Encouraging Independence

Living Magazines Young Teens and Independence

It can be scary when your young teen starts going out with their friends, but these tips will help them stay safe and help you calm your nerves!

You may be nervous when your teen starts going out without you (Covid regulations permitting), but provide them with the right tools to stay safe and you won’t worry quite so much!

Tanith Carey, author of What’s My Teenager Thinking? Practical Child Psychology for Modern Parents* explains: ‘As your child hits adolescence they want more control over their social life. This is part of the necessary and expected separation away from adults, to find their own tribe. Be warned that the age of 14 is when the Fear of Missing Out on social activities peaks. Rather than thwart social plans – or trying to wrap your child in cotton wool – it’s better to work with our teens on ways they can learn to stay safe.’

Tanith’s stay safe tips

  • Get them used to making short easy trips with friends to the park or running errands.
  • Young teens are not aware of how difficult it is for drivers to see them if they cross the road without looking. When you are in the car with them, help them see the driver’s point of view on pedestrians.
  • Teens can feel invincible. This means they can take dangerous risks when crossing roads. Be a good role model by crossing roads at designated safe crossing points. Also explain why they must always take their earbuds out when they cross the road – accidents among this age group have soared sharply in recent years for this reason.
  • Children are now more likely to be targeted by muggers because they carry more electronics and phones. Talk about prevention, staying aware of people around them, keeping electronics out of sight and how pickpockets often use drama and distractions. Talk about why it’s more important to give up their phones or purse than risk serious injury, and assure them you will not be angry with them.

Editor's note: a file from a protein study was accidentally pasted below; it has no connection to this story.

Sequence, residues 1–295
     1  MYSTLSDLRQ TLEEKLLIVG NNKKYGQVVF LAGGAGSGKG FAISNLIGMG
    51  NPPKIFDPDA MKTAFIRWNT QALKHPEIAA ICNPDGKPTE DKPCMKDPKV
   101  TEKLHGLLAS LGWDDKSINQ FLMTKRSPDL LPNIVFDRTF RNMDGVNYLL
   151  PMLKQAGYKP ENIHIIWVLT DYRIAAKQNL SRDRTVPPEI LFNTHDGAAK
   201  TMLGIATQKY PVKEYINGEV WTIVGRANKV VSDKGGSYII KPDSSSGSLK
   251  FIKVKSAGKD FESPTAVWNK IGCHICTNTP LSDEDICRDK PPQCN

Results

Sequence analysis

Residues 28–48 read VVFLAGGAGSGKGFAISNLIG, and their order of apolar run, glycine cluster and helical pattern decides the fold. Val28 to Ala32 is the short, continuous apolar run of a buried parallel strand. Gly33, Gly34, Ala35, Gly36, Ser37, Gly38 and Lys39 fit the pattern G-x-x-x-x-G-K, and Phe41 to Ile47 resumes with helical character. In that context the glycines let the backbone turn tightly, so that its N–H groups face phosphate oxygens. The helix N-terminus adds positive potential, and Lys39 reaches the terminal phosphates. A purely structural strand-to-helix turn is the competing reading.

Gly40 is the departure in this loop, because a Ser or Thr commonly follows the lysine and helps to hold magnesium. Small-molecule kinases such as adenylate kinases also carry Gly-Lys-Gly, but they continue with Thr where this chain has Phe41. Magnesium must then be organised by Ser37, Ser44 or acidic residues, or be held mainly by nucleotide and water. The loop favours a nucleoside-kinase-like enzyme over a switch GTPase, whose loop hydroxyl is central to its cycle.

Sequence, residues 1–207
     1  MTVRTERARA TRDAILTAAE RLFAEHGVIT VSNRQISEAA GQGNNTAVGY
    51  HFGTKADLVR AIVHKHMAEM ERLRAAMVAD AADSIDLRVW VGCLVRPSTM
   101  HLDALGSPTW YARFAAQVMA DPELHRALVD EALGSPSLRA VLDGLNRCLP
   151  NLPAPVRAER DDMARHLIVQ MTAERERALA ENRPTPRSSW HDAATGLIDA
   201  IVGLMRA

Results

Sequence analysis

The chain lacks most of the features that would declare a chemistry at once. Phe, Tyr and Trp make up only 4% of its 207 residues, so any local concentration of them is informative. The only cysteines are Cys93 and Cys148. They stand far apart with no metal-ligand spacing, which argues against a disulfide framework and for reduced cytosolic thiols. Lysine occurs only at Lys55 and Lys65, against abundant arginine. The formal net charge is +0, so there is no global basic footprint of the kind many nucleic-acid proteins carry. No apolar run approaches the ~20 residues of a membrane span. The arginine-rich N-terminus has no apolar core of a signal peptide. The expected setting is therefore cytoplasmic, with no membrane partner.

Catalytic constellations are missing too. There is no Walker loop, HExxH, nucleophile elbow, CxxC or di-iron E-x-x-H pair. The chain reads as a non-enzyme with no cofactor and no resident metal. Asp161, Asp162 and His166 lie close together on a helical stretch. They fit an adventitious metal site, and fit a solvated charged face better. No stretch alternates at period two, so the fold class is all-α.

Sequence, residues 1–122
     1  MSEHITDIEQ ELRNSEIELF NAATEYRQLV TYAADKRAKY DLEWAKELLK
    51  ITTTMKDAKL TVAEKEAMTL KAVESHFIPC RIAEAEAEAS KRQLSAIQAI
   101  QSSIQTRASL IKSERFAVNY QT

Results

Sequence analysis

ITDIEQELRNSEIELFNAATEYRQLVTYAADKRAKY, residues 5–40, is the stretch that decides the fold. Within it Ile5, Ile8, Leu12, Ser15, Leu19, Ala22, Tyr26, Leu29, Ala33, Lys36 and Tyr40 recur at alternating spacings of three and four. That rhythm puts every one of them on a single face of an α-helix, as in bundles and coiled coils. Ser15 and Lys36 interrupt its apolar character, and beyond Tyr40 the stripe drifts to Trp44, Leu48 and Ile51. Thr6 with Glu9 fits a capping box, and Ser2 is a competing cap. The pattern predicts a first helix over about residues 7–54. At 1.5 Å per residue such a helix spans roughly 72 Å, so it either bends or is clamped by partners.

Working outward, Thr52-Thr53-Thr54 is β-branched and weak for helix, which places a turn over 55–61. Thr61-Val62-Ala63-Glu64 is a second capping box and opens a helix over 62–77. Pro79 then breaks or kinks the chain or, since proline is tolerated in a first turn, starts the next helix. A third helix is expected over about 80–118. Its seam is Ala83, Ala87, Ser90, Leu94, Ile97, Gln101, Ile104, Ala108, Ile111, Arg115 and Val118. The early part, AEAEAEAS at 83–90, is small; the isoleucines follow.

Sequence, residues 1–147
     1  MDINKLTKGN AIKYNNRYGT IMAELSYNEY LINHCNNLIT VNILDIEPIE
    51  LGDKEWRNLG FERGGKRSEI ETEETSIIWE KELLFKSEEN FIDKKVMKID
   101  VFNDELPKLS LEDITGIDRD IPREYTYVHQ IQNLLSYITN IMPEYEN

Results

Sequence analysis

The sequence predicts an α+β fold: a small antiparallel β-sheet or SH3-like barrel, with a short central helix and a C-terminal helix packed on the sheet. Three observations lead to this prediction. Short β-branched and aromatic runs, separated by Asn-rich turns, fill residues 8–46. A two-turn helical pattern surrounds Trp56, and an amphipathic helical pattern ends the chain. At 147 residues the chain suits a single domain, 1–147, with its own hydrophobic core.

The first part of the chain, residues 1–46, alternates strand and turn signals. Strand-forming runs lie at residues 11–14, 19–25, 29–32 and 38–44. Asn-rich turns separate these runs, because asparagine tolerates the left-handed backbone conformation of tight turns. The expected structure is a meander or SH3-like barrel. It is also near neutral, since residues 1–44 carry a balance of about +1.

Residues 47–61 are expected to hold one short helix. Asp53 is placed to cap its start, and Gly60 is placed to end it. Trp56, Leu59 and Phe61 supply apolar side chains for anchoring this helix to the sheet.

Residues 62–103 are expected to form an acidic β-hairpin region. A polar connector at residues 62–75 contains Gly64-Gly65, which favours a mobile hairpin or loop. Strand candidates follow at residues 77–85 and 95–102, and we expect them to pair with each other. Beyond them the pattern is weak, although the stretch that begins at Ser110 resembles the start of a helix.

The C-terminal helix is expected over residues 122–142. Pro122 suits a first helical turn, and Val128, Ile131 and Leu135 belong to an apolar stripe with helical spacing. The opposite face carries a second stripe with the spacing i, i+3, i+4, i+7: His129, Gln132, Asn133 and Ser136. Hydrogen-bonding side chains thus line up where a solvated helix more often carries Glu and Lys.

• Talk to your teen about the importance of sticking together when they are out, and acting as lookouts for one another.
  • If they are coming home later for some reason, such as an after-school activity, they should sit in a carriage with other people or behind the driver if they travel by bus.
  • Update your chats about stranger danger. Adolescent girls can often be targets. Tell her no one has the right to make her feel uncomfortable or be treated as a sex object to be stared at. Tell her how to stay safe by avoiding empty carriages or platforms and tell her if she is being followed that she is not causing a fuss or being impolite if she asks transport staff for help.
  • If your teen thinks they are being followed, tell them to cross the road, abruptly change direction, or go into a shop or ring the doorbell of a house until the threat passes. If your teen is being followed in a car, or is asked to get inside, tell them to create as much distance as possible, as quickly as possible and not to be afraid to shout for help.
  • Explain that a condition of your adolescent having a phone is that they leave the house with it charged and keep it on when they are out so you can get hold of them if needs be.

* What’s My Teenager Thinking? Practical Child Psychology for Modern Parents – Tanith Carey with Dr Angharad Rudkin, published by DK.

We asked local parents for their advice

‘We have a code word/code question. So if she’s out with friends and isn’t comfortable (wants to leave) she texts us this. The plan is we then ring and say she’s got to come home – which gives her an excuse – and/or we meet her.’

‘Use the app what3words which has a share location option and can pinpoint with great accuracy your whereabouts.’

‘I use an App called Life360. I can always see where my daughter is and how to find her.’

‘Always go out with a power bank to charge their phone.’

‘Let them go out a bit hungry, teenagers and food go hand in hand so it means they’re never too long or too far away!’

‘Always take a bank card so parents can transfer money if needed.’